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Opinions & Insights: The case for a new Porsche 914 EV

Tuesday, January 7, 2020

Article by Rob Sass
Image by Lars Sältzer

Ed.: This column appears in the January 2019 issue of Porsche Panorama as the Editor's Note.

I’ve mentioned in this column before, although I’m a fan of Porsche’s past entry-level efforts from the 912, 914, and 924 to the original 986 Boxster, I’ve accepted Porsche’s explanation as to why it no longer feels the need to play in that sandbox. Ironically though, my first drive in the decidedly non-entry-level $150K plus Taycan Turbo has irrevocably changed my point of view on Porsche’s low-end strategy. Porsche desperately needs a new 914, and it needs to be electric.

Particularly among younger brand devotees, the existence of the Taycan, and what it represents, is going to cause an aspirational sea change — electricity is going to become the perceived gold-standard in performance. It’s already been noted by others that a Taycan Turbo S is faster in many situations than a McLaren 570S. How long will it be before people take note of the fact that a Taycan Turbo can hang with a GT3? No longer will Porsche’s current entry-level solution, a five-to-ten-year-old combustion-only Boxster or Cayman, suffice for someone in the 25-to-40 demographic. And since it will likely be 10 to 15 years or more before any Taycan depreciates sufficiently to become affordable for younger people, Porsche is in danger of losing an entire generation.

The solution is an affordable, electric roadster, and not simply an electrified 718.  The car needs to be simpler, more elemental, and, frankly, smaller than that, something that perhaps splits the difference between Tesla’s original Lotus Elise-based Roadster and the 718, perhaps like VW’s Bluesport concept from 2009. With no need for a large fuel tank or engine, radiators, etc., even more of the practicality of the original 914 could be part of the package, with two massive trunks.

The fun-to-drive equation would be simply off-the-charts. While the existence of a large, heavy battery pack makes an Elise-like sub-2,000-pound weight a fantasy, certainly coming close to the aforementioned VW Bluesport concept’s sub-2,900 pounds isn’t crazy talk. With an almost impossibly low center of gravity and small physical dimensions, the handling and point-and-shoot abilities of a modern-day electric 914 would be impressive. The car would do to autocross what the 917/30 did to Can-Am racing. An autocross-focused, grassroots-level guerilla marketing campaign would be more than just amusing — has anyone taken note of the number of views that Tesla drag strip takedown videos get? Watching an electric Porsche roadster clobbering Corvettes at autocrosses all over the country would be sweet indeed, particularly if they can figure out how to make an EV sports car that’s actually visceral and angry, rather than über slick like the Taycan — think electric Alfa Romeo 4C.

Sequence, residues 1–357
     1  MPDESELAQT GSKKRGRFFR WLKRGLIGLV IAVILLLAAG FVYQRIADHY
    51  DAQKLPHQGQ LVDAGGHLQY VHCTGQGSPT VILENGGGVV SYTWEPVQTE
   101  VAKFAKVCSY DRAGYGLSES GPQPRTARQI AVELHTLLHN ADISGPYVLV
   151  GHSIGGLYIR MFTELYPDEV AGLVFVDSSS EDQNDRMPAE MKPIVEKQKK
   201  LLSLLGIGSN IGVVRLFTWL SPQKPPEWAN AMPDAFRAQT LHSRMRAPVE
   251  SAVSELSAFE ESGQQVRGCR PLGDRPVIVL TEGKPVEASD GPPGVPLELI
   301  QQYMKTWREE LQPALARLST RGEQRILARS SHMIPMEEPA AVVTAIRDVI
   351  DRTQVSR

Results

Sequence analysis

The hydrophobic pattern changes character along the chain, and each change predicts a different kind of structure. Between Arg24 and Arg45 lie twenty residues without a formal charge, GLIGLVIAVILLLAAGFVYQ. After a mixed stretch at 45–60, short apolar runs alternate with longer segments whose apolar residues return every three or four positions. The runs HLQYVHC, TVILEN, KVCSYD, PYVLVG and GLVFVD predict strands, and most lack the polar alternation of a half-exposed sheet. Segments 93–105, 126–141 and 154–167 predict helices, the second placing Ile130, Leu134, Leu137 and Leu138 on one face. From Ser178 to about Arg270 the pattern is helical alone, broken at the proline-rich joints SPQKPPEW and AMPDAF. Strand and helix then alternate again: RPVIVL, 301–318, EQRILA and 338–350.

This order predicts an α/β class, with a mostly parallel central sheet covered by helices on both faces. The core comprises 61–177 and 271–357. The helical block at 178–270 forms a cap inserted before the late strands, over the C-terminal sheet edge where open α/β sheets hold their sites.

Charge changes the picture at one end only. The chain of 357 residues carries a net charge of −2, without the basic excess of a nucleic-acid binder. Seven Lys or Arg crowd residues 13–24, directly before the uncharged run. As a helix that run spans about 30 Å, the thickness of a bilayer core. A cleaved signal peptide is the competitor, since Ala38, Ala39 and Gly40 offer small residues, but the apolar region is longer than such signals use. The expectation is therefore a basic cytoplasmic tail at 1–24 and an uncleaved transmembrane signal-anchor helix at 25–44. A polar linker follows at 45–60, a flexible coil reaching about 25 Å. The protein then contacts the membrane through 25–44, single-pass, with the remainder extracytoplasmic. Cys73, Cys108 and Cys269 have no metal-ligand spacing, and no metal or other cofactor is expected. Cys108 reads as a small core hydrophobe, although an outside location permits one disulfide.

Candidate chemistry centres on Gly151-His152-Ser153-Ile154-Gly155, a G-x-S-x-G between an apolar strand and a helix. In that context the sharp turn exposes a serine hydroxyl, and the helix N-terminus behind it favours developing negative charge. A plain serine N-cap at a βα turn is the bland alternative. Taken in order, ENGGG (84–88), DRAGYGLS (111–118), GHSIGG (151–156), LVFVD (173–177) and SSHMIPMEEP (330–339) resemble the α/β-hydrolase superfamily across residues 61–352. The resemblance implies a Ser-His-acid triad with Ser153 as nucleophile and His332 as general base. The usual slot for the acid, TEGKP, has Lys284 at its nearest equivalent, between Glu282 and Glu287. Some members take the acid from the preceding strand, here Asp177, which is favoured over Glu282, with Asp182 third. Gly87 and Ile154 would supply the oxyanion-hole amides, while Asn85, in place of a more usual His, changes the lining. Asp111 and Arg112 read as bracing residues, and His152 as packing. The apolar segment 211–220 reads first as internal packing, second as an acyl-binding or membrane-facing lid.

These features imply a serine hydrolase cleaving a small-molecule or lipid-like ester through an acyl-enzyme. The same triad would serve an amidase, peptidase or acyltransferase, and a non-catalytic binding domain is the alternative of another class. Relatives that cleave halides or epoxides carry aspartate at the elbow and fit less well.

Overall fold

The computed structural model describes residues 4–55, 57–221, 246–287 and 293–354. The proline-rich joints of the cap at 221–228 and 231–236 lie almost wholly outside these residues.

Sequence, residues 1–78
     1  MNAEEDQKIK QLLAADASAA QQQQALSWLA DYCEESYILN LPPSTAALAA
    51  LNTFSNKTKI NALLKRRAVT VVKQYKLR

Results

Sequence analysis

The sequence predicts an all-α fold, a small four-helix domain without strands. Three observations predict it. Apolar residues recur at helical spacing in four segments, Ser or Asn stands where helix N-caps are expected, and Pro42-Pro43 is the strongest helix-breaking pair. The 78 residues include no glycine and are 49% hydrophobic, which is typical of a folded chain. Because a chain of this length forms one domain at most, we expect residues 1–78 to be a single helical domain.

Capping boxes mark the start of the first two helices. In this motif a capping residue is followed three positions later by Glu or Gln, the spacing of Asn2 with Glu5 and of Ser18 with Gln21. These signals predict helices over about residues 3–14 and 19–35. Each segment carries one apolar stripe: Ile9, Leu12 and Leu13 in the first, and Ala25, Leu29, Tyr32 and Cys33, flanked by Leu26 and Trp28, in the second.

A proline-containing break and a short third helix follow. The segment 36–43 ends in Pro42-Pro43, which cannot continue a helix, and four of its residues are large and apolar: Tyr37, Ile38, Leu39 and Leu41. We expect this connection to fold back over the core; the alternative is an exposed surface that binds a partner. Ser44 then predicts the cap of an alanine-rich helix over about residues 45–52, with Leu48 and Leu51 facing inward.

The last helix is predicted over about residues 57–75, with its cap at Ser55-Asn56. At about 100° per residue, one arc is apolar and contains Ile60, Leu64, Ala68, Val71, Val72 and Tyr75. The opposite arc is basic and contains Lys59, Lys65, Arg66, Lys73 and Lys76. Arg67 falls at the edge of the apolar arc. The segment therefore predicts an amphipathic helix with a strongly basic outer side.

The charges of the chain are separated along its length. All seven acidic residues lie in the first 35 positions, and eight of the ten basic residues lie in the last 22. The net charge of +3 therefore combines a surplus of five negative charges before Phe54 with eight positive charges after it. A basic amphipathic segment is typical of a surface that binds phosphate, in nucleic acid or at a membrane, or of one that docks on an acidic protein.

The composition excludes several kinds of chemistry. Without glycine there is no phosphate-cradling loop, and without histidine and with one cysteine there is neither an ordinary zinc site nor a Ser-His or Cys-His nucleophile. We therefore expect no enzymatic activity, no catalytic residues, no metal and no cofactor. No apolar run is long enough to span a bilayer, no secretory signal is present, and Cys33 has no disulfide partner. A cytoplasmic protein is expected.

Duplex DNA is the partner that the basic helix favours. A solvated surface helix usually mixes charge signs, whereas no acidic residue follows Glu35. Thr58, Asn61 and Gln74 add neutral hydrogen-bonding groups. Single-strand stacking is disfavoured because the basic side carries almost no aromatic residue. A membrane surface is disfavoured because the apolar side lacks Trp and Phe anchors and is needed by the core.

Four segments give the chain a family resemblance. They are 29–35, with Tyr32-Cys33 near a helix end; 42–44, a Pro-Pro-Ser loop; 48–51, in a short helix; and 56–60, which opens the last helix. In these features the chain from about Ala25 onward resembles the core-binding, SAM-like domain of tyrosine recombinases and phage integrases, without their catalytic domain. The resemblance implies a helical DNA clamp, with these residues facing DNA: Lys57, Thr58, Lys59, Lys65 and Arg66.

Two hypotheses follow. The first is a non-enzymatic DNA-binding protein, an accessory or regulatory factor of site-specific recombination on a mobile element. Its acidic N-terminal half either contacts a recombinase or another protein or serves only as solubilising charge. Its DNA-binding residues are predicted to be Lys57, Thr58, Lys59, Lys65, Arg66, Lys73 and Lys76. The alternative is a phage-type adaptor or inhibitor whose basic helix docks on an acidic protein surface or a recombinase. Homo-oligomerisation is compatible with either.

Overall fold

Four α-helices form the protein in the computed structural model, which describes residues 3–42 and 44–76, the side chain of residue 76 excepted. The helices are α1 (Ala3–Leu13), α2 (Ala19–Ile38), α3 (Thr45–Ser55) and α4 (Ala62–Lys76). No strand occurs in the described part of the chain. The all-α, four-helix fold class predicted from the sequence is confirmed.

And then there’s Formula E. Given Porsche’s big investment in it, and the demographic of Formula E fans, doesn’t it seem downright strange that the company has nothing to offer them besides a nice poster of a six-figure electric four-door?

A 914/E obviously wouldn’t be a 911 killer, but an Elise-like 0-60 time of well under five seconds, and a range of 150 to 180 miles would seem like fairly easy marks, and would make the car more than attractive enough for most two-seater buyers, which sort of gets to the last part of the puzzle: Do two-seater buyers exist in sufficient numbers for something like this to be profitable? Beats the hell out of me. Two-seater sales aren’t exactly robust these days. As brilliant as the 718 and new Mazda Miata are, they’re still fairly rare sights on the road. But Porsche has always played by a different set of rules, and a fantastic-looking, Porsche-badged, affordable electric roadster might actually create a new segment of truly lust-worthy, well-packaged, small EVs. And it might just be a timelier move than anyone realizes, particularly if the predicted Gen Z backlash against SUVs (in which Porsche is heavily invested) materializes. In any event, I think that you can make a case for the car that goes beyond typical P&L concerns. Hell, GM is allegedly losing money on every Corvette C8 that sells below $80,000, but the statement that the car makes is an important one.

I actually kind of like the 914/E moniker. I wouldn’t even mind if it were a VW collaboration again, branded as a VW-Porsche like the original car was in Europe, although I’d probably get the financial details in writing this time around. I’ll allow that this all might seem a touch heretical, given the fact that it likely runs 180 degrees from every brand strategy PowerPoint in existence at Porsche AG. No matter. I think it’s the right thing to do. It’s at least worth teasing as a concept. Executed the way Porsche typically does things, I think it would cause a sensation the likes of which Porsche hasn’t seen since original Grant Larson Boxster concept, and I think the cries of “build it” would be heard at a distinctly non-EV volume.


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